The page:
On April 19, Hitachi Maxell, Ltd. announced the development of new volume optical storage technology that can provide terabyte-level storage capacity in a compact device. Relying on unique nanoimprint technology, the company has succeeded in reducing the thickness of DVDs to 0.092 mm (92 micrometers) -- which is 1/13th the thickness of current DVDs -- while maintaining the standard capacity of 4.7 GB.

Hitachi Maxell's thin DVD

The system features what the company calls Stacked Volumetric Optical Disc (SVOD) technology, which consists of 100 ultra-thin optical discs (12-cm in diameter, the same as current DVDs) loaded into a 6.5-cm (2.5-inch) thick cartridge. The result is a compact optical disc library system (1/10th the conventional size) capable of combining random access memory and long-term storage.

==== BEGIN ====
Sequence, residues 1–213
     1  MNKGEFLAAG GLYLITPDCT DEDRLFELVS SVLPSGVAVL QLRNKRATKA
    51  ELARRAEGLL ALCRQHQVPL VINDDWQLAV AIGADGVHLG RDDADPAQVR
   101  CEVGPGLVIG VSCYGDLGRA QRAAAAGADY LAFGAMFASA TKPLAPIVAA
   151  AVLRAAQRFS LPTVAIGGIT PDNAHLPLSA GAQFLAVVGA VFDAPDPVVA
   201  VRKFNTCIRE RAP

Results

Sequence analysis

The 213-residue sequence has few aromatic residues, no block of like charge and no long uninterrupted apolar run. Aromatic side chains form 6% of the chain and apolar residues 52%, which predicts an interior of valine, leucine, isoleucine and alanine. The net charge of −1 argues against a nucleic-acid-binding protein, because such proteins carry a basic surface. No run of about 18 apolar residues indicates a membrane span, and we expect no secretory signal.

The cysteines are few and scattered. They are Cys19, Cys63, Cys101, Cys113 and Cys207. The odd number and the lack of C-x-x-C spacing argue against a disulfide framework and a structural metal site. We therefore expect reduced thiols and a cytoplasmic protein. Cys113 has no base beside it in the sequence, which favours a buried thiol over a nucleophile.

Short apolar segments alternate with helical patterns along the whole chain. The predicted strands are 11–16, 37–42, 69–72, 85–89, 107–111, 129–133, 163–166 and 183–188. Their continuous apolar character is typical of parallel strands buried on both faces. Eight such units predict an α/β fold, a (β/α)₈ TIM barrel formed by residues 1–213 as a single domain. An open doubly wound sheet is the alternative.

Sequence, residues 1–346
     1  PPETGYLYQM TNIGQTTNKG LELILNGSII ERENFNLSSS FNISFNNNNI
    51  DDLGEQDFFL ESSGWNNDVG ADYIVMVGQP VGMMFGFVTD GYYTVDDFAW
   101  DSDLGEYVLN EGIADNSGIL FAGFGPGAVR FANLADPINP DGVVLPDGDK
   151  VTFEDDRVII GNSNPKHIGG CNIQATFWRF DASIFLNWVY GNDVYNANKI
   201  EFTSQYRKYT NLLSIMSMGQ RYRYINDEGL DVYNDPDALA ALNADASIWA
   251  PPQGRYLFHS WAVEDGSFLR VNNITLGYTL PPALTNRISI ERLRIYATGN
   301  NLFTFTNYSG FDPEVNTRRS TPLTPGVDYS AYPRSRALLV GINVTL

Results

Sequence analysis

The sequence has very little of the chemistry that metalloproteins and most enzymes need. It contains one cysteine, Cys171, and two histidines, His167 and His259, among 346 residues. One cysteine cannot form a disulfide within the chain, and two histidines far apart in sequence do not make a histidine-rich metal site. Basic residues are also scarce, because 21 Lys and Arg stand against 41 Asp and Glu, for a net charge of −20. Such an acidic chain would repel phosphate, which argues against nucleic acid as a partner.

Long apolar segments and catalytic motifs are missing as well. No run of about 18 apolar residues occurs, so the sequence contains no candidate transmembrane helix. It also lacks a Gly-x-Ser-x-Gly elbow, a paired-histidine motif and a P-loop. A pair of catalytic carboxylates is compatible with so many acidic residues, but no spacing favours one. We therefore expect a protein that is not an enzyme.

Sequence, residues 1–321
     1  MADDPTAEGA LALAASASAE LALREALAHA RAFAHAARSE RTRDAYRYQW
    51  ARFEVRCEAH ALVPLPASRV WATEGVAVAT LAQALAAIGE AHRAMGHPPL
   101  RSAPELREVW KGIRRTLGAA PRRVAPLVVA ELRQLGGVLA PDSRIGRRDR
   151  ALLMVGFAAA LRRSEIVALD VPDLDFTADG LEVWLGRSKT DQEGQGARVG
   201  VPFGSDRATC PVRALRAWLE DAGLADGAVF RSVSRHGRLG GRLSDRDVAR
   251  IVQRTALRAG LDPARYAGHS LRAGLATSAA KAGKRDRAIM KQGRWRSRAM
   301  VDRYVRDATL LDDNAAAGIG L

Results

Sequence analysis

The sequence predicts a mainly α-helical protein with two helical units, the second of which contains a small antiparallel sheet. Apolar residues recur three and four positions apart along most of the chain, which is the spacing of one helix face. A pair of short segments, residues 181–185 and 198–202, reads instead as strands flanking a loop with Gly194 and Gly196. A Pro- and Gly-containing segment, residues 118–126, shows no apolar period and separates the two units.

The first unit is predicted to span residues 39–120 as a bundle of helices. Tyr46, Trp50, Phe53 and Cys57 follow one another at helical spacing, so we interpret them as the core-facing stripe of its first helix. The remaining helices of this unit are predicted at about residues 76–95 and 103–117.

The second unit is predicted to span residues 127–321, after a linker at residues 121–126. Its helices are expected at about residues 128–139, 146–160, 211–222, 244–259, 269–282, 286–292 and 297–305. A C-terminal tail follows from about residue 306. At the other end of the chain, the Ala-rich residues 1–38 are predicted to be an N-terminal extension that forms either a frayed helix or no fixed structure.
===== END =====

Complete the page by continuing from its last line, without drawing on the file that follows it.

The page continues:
When laminated on both sides, disc capacity will reach 9.4 GB, bringing the 100-disc cartridge up to near-terabyte level with 940 GB of storage. The company claims that next-generation blue laser technology could boost cartridge capacity to 5 terabytes (50 GB for each double-sided disc).

According to Hitachi Maxell, potential applications of this storage media include library systems for business and institutions. While continuing to investigate other applications, the company aims to cultivate the market by presenting this technology at academic conferences and exhibitions.

The discs will be priced at under 40,000 yen (US$325) for a stack of 100.

[Source: IT Media, Hitachi Maxell press release]